How Oil Tankers Work

An oil tanker moves through Alaska's Prince William Sound, site of the infamous Exxon Valdez oil spill in 1989.
An oil tanker moves through Alaska's Prince William Sound, site of the infamous Exxon Valdez oil spill in 1989.
David McNew/Getty Images

Soon after entrepreneurs in the 1850s began exploiting crude oil as a source of energy, the nascent oil industry found itself in a dilemma. How were early oil prospectors supposed to transport this "black gold" from the remote locations from whence it sprang, to places where it could be refined, sold and used?

It didn't take long for these early oil barons to come up with a solution. The first oil tankers were built in the 1860s and propelled by wind-powered sails. In 1873, the Palmers Shipbuilding & Iron Company assembled the first steam-driven oil tanker, named the Vaderland. Meanwhile, oil producers in Pennsylvania had been making use of barges -- large, unpowered boats that must be tugged by another ship [source: PortCities Southampton].

The first modern oil tanker was the Zoroaster, designed and built in 1878 by Ludvig Nobel of Sweden. Ludvig and his brother Robert served as the principals of a large oil company called Branobel. (Ludvig and Robert were also brothers to Alfred Nobel, inventor of dynamite and the man for whom the Nobel Prizes are named) [source: Frantz].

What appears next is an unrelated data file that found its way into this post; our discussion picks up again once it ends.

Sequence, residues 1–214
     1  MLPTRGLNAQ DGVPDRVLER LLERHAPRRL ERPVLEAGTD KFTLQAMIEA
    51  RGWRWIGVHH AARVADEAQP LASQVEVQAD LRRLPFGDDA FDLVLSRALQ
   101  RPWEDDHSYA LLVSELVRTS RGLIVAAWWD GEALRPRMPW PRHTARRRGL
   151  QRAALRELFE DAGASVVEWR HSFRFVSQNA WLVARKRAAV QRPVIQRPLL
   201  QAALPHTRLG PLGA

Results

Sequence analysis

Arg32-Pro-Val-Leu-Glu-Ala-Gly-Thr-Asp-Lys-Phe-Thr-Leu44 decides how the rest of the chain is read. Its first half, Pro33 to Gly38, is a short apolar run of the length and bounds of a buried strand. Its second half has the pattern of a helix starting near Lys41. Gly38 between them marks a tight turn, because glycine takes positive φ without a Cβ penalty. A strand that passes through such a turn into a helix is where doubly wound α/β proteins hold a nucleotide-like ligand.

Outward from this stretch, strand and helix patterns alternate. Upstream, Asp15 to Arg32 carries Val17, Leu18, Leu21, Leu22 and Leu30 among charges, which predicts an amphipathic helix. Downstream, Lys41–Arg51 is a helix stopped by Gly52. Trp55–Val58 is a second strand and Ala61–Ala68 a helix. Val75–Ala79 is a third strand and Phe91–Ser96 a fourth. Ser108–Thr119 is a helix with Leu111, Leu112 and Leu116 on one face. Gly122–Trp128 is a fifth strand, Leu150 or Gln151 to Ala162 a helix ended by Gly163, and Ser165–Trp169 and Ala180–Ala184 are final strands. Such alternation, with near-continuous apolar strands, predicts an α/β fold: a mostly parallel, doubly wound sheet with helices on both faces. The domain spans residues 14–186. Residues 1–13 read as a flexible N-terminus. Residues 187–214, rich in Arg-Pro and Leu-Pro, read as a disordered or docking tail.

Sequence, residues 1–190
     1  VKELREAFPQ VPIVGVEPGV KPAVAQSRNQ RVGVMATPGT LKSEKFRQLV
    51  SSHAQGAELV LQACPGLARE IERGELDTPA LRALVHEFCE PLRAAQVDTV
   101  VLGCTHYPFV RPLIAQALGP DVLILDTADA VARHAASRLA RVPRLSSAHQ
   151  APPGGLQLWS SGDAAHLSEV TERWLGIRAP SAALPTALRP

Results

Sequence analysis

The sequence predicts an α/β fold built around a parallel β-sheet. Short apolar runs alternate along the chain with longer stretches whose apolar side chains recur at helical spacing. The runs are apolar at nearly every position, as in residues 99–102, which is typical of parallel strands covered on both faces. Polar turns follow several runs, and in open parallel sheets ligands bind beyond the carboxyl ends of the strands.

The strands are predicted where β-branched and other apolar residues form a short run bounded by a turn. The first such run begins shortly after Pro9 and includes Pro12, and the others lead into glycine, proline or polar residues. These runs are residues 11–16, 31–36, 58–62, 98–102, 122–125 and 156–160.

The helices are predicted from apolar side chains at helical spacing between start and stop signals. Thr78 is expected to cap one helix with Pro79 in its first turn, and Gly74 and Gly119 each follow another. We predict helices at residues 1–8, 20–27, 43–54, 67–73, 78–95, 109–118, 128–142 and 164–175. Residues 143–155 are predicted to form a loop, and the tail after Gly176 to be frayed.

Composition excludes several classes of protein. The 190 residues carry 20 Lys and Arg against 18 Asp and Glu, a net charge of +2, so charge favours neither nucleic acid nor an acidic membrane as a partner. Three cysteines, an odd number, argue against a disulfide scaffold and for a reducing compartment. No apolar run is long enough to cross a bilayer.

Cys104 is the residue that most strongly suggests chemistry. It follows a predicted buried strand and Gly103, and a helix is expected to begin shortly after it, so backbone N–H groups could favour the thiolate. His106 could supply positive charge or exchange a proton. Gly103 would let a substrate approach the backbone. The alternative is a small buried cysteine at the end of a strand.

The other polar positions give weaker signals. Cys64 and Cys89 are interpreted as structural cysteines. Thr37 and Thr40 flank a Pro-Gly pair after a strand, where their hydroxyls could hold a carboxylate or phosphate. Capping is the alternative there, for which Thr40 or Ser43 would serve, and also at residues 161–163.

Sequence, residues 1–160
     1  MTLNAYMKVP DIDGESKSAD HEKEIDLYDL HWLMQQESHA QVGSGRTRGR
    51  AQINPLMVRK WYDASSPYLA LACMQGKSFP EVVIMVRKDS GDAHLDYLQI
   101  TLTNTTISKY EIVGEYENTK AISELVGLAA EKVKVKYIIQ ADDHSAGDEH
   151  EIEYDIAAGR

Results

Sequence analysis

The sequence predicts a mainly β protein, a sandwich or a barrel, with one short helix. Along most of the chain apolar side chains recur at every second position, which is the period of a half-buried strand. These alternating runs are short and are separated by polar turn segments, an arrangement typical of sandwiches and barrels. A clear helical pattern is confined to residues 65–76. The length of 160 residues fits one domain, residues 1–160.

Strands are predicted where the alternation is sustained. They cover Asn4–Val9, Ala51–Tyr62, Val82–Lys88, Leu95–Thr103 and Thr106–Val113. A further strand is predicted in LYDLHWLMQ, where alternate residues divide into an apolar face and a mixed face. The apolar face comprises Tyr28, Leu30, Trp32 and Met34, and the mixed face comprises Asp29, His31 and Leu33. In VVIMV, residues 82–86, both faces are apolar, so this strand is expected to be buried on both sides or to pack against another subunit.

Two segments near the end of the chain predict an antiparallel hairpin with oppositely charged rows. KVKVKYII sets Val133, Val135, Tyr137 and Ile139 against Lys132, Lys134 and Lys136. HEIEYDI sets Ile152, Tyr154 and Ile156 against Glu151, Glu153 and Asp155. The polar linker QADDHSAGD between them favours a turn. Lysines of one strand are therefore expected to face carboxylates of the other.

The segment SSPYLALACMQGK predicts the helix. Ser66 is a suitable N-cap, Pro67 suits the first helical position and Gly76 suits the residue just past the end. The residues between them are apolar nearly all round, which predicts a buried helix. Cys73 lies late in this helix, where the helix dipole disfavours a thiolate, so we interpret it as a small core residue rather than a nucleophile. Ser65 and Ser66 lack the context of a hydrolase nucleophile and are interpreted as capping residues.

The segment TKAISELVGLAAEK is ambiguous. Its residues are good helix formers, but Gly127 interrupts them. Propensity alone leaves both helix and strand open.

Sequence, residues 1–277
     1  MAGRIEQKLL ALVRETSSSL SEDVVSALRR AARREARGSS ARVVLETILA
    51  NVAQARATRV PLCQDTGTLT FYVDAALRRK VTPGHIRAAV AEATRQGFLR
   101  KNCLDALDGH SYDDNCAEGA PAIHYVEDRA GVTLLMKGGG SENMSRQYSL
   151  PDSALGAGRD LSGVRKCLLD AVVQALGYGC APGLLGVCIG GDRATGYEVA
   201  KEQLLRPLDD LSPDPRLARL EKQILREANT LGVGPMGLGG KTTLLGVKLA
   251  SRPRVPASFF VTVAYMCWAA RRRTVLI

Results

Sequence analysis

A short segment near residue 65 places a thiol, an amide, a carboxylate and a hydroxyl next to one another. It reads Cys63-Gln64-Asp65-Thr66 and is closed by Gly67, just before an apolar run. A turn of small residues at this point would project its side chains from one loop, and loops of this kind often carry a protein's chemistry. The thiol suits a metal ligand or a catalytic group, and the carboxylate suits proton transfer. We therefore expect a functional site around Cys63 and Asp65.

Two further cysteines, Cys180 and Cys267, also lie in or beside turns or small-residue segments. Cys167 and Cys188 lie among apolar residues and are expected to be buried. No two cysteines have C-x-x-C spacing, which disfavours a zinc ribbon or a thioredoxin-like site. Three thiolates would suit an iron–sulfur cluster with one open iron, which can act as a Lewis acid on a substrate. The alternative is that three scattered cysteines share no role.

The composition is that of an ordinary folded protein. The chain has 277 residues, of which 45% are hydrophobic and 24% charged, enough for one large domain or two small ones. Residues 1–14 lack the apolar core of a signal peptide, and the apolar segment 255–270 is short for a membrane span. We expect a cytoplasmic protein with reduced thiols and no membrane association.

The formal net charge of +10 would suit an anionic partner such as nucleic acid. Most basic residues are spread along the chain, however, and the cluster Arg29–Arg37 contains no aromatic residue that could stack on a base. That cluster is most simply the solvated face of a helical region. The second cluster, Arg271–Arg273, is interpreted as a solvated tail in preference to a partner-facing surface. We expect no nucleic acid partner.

Today, oil tankers fall into two basic categories, crude tankers and product tankers. Crude tankers are the larger of the two. They move raw, unrefined oil from the places where it's pumped out of the earth, to the refineries where it's processed into fuel and other products. Product tankers, on the other hand, are smaller than crude tankers and move already-processed petroleum products to markets where those products can be sold and used [source: Strauss Center].

Corporations are always seeking the most efficient way to accomplish a task in order to maximize profits. Due to their immense size, oil tankers provide an easy and inexpensive way to transport oil over long distances. In fact, it only costs around two to four cents per gallon to transport oil using a typical tanker.

Like many other influential technologies, oil tankers have helped us progress as a civilization -- but they've presented us with considerable problems as well. Without oil tankers, it would be impossible to enjoy the mobility many of us take for granted. Yet, some of the worst man-made environmental disasters resulted from oil tanker accidents befouling waterways and beaches.

This article follows the evolution of the oil tanker and its impact on history. We'll also take a look at what lies ahead for oil tankers.

To find out more about the different types of ships that transport oil, go to the next page.